Aki sniffs tentatively near the bell of an old growth spruce tree. It is one of a small island of mature trees in a hilly second growth forest. For some reason the loggers who had clear cut the forest 60 or 70 years ago let this clutch of spruce live. The last time we visited the grove the little dog found the body of a newly dead bald eagle. The forest seemed full of complaining eagles that day, driven from the nearby landfill by cracker shells. This morning, we only hear ravens calling out to each other as fine snow falls through the canopy.
The snow simplified finding the grove by painting the faint access trail white so it stuck out against the greens and browns of the forest floor. We followed the thick white line as it twisted around standing spruce and wind-fallen hemlock. It guided us through gaps in downed logs, under a canted hemlock tree serving as a nursery for the next generation of trees, and down to the eagle grove.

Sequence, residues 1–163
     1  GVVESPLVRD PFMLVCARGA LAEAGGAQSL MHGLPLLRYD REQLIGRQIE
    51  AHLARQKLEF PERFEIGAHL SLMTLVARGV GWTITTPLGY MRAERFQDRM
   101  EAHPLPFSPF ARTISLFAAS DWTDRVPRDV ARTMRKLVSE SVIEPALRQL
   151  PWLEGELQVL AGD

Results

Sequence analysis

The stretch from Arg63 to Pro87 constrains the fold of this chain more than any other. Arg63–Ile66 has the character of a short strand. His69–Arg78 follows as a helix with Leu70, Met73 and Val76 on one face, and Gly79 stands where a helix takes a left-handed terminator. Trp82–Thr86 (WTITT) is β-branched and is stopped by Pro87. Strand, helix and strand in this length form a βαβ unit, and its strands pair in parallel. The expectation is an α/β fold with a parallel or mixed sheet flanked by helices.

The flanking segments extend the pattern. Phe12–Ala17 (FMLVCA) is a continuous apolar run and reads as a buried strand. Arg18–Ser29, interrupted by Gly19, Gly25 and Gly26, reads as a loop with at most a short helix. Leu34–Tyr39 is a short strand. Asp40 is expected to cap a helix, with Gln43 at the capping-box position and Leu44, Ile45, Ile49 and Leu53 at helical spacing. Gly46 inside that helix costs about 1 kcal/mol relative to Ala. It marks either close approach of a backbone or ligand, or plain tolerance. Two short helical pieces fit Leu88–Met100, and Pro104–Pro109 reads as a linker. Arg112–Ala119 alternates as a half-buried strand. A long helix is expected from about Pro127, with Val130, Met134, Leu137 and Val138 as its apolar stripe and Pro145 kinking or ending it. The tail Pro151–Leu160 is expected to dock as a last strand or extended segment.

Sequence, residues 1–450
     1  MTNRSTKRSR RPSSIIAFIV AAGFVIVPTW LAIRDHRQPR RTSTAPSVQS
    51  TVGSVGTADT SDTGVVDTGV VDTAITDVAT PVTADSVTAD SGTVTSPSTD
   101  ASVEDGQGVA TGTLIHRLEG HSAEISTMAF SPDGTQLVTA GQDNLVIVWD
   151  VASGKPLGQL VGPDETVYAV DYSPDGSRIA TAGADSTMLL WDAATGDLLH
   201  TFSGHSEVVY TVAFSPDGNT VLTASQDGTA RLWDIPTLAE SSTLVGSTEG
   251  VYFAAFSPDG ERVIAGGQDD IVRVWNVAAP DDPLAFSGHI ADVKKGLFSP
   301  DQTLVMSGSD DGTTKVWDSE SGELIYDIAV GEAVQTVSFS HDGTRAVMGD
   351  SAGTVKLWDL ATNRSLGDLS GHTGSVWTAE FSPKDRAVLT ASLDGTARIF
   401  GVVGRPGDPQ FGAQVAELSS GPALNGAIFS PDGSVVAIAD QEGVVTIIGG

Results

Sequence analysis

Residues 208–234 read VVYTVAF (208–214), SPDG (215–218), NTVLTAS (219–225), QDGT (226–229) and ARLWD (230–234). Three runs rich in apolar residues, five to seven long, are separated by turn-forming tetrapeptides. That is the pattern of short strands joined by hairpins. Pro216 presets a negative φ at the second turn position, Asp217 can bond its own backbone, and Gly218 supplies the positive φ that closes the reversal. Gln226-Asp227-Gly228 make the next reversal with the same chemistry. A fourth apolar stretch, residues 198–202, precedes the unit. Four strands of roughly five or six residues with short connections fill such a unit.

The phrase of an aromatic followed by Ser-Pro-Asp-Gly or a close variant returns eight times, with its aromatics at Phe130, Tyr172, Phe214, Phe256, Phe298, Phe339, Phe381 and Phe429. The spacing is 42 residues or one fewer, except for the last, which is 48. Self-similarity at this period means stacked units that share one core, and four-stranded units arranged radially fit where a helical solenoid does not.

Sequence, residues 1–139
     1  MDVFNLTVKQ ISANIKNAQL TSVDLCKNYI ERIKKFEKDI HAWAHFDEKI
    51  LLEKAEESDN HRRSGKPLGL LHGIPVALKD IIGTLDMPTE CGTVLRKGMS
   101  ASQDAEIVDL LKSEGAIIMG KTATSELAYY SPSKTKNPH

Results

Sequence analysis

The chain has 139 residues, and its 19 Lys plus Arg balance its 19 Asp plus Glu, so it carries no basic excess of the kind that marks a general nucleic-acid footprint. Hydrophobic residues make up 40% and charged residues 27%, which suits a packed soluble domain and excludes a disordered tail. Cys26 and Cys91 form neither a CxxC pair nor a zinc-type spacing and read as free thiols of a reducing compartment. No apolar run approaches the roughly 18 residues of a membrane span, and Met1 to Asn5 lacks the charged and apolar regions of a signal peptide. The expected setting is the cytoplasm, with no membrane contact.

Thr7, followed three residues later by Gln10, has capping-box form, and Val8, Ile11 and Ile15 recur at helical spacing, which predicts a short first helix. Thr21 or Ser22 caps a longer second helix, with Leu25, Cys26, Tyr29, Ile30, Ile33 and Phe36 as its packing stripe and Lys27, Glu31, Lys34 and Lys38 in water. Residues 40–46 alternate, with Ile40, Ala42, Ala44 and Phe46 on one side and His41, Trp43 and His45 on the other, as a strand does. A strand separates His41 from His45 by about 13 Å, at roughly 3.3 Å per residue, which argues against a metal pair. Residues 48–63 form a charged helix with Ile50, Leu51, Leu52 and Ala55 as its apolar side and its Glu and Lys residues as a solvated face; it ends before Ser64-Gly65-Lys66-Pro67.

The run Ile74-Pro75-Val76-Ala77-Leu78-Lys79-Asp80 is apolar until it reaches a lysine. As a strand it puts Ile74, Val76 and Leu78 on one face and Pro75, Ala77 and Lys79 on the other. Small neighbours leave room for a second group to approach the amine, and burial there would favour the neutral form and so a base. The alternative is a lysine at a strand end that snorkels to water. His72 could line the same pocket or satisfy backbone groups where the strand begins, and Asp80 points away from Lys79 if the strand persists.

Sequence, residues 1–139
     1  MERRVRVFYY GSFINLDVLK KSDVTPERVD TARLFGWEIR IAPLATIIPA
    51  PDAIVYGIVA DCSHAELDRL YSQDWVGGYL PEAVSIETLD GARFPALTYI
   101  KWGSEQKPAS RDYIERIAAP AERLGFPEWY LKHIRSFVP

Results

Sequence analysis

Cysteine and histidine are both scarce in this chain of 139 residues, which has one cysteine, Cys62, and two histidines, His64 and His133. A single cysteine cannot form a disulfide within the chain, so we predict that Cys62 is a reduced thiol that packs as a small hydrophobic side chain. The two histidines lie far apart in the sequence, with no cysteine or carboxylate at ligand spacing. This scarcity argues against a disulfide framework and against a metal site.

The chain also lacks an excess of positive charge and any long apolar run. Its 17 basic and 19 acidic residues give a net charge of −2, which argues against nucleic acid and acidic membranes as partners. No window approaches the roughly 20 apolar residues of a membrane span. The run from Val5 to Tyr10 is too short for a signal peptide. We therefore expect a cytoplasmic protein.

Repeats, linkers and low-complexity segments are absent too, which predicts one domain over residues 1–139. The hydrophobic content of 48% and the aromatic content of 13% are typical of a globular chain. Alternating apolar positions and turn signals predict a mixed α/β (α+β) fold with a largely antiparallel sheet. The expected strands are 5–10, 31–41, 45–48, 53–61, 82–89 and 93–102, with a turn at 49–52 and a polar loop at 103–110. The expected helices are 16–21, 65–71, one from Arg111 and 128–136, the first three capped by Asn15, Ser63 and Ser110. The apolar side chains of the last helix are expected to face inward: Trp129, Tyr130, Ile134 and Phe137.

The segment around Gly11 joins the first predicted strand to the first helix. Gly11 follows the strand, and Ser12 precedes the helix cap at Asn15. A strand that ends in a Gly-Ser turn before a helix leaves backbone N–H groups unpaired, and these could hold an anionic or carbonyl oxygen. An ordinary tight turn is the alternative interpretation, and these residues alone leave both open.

It was summer when Aki and I found the dead eagle. Broad, thorny leaves of devil club plants hid the trail. We were forced to climb over dozens of wind fallen trees and carefully slip through devil’s club thickets. There was once a decent trail from the grove back to the trailhead but much of it had been washed away during a fall storm or blocked by downed trees. I felt like a shipwreck survivor when the little dog and I finally managed to find the trailhead. Today, the magic white line painted by the snow helps us skirt all the obstacles.
A raven near the trailhead stops crocking to watch me retrieve the plastic bag I had use at the start of the trip to contain Aki’s poop. It calls out to his fellow forest guardians and then flies along with us back to the car.